With further reference now to FIGS. 4, 5 and 6, it is seen that the cover 10 may be manufactured with a simple die and tool operation. First, a flat piece of paperboard 11 is cut in a circular fashion with one portion cut off forming a straight edge 26. This shape is known as frusto-circular. In order to provide a cap diameter of at least 56 millimeters, edge 26 should be at least 28 millimeters from the center of frusto-circular paperboard 11 at its closest point. The diameter of the cut paperboard 11 is approximately 110 millimeters, and edge 26 has a length of about 60 millimeters. Paperboard 11 is then placed on top of a mold 28 having a cylindrical cavity 30 therein. As previously mentioned, the skirt 12 of cover 10 should have a flared shape, so that cover 10 may accommodate varying sizes of mouthpieces 16, and yet still properly grip the mouthpiece. Because of this, cavity 30 is bounded by an annular wall 32 which forms an obtuse angle with the floor 34 of cavity 30, thus producing the flared skirt 12. Also, skirt 12, and hence wall 32, preferably have a height of about 25 millimeters, which facilitates dispensation of the covers from a tubular type dispenser.

A die tool 38 is disposed above mold 28 by any suitable means, such as an actuation shaft 40. Die tool 38 is also cylindrical in shape, and its diameter is equal to the inner diameter of floor 34 of cavity 30. The inventor has found that a diameter of about 56 millimeters is preferable for use of the cover on standard phones, such as those manufactured by American Telephone & Telegraph. Of course, the size of the cover may vary according to the size of the mouthpiece involved. Moreover, square covers may be manufactured in accordance with this invention which fit onto square-shaped telephone mouthpieces. Die tool 38 has the additional feature of a plurality of annular indented rings 42, whereby, as cover 10 is forced into cavity 30, the compressive forces involved create a plurality of ribs 44 along the inside of skirt 12. Eight such rings 42 are envisioned as being optimum for the preferred height of skirt 12. Ribs 44 add structural integrity to skirt 12, providing extra resistance to destructive forces exerted on cover 10 as it is placed tightly about mouthpiece 16. Ribs 44 also facilitate attachment of cover 10 to mouthpiece 16 by providing a gripping action. When tool 38 has completed its downward motion into cavity 30, edge 26, which was straight, has now become curved, so as to better accommodate handle 24 of telephone 18. The upward movement of tool 38 draws cover 10 out of cavity 30, and the cover is then ready for packaging and shipment. While a simplified tool and mold set has been presented for manufacture of cover 10, more complicated assemblies may be used as those skilled in the art can appreciate; for instance, steam or heat may be applied to cover 10 as it is pressed into cavity 30 so as to provide further rigidity thereto. Cap 14 of cover 10 is preferably imbued with antiseptics or deodorizing agents as taught in the prior art.

Although the invention has been described with reference to specific embodiments, this description is not meant to be construed in a limiting sense. Various modifications of the disclosed embodiment, as well as alternative embodiments of the invention will become apparent to persons skilled in the art upon reference to the description of the invention. It is therefore contemplated that the appended claims will cover such modifications that fall within the true scope of the invention.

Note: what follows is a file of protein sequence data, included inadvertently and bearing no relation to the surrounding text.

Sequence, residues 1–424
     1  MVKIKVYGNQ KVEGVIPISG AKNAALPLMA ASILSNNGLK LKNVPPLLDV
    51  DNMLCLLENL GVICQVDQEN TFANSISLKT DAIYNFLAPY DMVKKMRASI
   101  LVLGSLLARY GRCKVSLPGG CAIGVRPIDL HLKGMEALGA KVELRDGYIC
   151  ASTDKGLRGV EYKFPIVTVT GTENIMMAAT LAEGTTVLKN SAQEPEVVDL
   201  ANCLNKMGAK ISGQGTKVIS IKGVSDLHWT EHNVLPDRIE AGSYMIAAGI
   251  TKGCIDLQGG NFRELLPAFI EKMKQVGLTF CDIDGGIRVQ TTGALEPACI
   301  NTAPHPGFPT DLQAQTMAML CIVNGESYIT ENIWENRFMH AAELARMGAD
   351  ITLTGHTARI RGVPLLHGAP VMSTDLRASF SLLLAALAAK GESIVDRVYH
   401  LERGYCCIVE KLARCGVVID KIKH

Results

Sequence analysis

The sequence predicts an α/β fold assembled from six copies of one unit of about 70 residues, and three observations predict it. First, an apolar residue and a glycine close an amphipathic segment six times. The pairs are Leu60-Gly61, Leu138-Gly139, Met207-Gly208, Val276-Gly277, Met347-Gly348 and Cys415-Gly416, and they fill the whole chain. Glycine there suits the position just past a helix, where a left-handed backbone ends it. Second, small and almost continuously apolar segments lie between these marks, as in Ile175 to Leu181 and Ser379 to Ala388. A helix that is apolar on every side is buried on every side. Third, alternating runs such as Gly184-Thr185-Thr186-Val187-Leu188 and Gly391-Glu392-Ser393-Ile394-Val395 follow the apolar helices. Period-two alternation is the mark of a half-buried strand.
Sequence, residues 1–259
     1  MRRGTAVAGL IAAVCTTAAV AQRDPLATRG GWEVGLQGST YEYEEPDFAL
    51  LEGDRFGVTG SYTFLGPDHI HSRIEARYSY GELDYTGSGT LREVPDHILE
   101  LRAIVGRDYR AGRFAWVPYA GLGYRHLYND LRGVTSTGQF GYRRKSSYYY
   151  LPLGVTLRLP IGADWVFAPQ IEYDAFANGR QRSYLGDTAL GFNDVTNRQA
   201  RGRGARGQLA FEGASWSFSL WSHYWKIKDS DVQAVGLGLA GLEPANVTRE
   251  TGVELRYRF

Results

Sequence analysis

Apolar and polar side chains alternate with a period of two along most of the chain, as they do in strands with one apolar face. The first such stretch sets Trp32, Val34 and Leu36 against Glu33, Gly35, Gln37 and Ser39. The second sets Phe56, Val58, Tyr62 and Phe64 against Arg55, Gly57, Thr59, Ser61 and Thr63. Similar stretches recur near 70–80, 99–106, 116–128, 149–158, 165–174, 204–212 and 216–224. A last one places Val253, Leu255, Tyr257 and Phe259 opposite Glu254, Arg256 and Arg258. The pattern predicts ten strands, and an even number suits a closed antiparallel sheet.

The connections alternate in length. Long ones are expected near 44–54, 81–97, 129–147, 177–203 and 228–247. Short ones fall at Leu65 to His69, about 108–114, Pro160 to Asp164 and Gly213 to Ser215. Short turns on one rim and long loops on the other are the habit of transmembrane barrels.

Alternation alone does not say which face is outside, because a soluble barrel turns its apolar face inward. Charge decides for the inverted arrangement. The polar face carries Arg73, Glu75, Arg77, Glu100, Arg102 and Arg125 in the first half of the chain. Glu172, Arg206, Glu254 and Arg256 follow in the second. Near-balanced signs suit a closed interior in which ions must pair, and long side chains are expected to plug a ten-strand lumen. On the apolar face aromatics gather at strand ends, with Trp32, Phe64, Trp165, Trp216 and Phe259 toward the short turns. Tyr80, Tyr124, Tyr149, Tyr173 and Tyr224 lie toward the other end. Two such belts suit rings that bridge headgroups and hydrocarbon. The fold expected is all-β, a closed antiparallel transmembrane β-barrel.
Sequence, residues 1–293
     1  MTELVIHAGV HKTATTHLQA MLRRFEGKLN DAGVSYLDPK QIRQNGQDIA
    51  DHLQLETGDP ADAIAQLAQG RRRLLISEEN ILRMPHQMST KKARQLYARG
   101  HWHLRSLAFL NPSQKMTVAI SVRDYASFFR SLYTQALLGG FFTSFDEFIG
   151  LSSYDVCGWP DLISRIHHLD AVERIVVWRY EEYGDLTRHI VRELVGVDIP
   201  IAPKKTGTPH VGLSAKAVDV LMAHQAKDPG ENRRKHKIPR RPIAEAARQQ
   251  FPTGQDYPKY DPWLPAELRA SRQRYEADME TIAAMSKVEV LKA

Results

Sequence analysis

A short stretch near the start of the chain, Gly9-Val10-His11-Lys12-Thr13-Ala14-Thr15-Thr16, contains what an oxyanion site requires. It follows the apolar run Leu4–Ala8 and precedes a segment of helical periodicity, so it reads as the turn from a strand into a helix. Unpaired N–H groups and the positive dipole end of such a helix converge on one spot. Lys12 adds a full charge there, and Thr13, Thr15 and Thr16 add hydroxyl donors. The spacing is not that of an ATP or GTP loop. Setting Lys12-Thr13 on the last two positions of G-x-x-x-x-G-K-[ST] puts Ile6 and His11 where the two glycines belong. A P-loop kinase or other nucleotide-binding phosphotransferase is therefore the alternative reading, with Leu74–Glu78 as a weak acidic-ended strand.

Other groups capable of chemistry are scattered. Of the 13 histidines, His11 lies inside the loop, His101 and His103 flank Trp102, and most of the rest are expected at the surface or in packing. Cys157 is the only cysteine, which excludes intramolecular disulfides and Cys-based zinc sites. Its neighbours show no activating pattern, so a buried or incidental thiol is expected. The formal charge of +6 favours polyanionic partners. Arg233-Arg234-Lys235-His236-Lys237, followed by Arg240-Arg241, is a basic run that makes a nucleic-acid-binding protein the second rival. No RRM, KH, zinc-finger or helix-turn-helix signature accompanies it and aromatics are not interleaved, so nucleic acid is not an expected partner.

Patent Citations
Cited PatentFiling datePublication dateApplicantTitle
US970015 *Oct 18, 1909Sep 13, 1910Annie K CannCovering for mouthpieces of telephone-transmitters.
US1168284 *Oct 27, 1914Jan 18, 1916Edward E ClaussenSanitary cover for telephone-mouthpieces.
US1493557 *Mar 29, 1920May 13, 1924 Abkahah s
US2607862 *Nov 1, 1950Aug 19, 1952Albert PankenDisposable antiseptic telephone mouthpiece protector
US2741666 *Jan 2, 1953Apr 10, 1956Max LutzAttachment for telephone mouthpiece
US2938967 *Jul 21, 1958May 31, 1960Guardino Richard VSanitary telephone device
US3148249 *Feb 5, 1962Sep 8, 1964King John PAttachment for telephone mouthpiece
US3238313 *Sep 8, 1961Mar 1, 1966Kalogris Theodore PAntiseptic telephone mouthpiece guard
US3243527 *Feb 4, 1963Mar 29, 1966Henry SternheimTelephone disinfector and deodorizer
US3643040 *Mar 5, 1970Feb 15, 1972Dentsu Central KkDisinfectant for a telephone mouthpiece and a manufacturing method thereof
US4486628 *Feb 23, 1981Dec 4, 1984Thompson Virley PBacteria destroying apparatus for use with voice communication systems
US4570038 *Feb 21, 1984Feb 11, 1986Frank TinelliSanitary cover for telephones and the like
DE496167C *Apr 16, 1930Martha Egerland Geb SorgeSchutzorgan fuer Fernsprechhoerer
GB221794A * Title not available
GB291237A * Title not available
GB425595A * Title not available
Referenced by
Citing PatentFiling datePublication dateApplicantTitle
US6215871May 3, 1996Apr 10, 2001Brendan ConollySanitary cover for telephone and method of making same
US6560335Jan 30, 2001May 6, 2003Phone Guard, Inc.Sanitary phone cover
US6694021Dec 10, 1996Feb 17, 2004Joseph G JulianTelephone handset sanitary guard
US7266196Jun 14, 2000Sep 4, 2007Dave RobinsonTelephone mouthpiece and earpiece cover system
WO1998017088A1 *Oct 1, 1997Apr 23, 1998Loikkanen ValtoReplaceable decorative covering for an electric appliance
U.S. Classification379/452, 379/451
International ClassificationH04R1/12
Cooperative ClassificationH04R1/12
European ClassificationH04R1/12
Legal Events
Aug 2, 1987ASAssignment
Effective date: 19870805
Effective date: 19870805
Feb 23, 1993REMIMaintenance fee reminder mailed
Jul 25, 1993LAPSLapse for failure to pay maintenance fees
Oct 12, 1993FPExpired due to failure to pay maintenance fee
Effective date: 19930725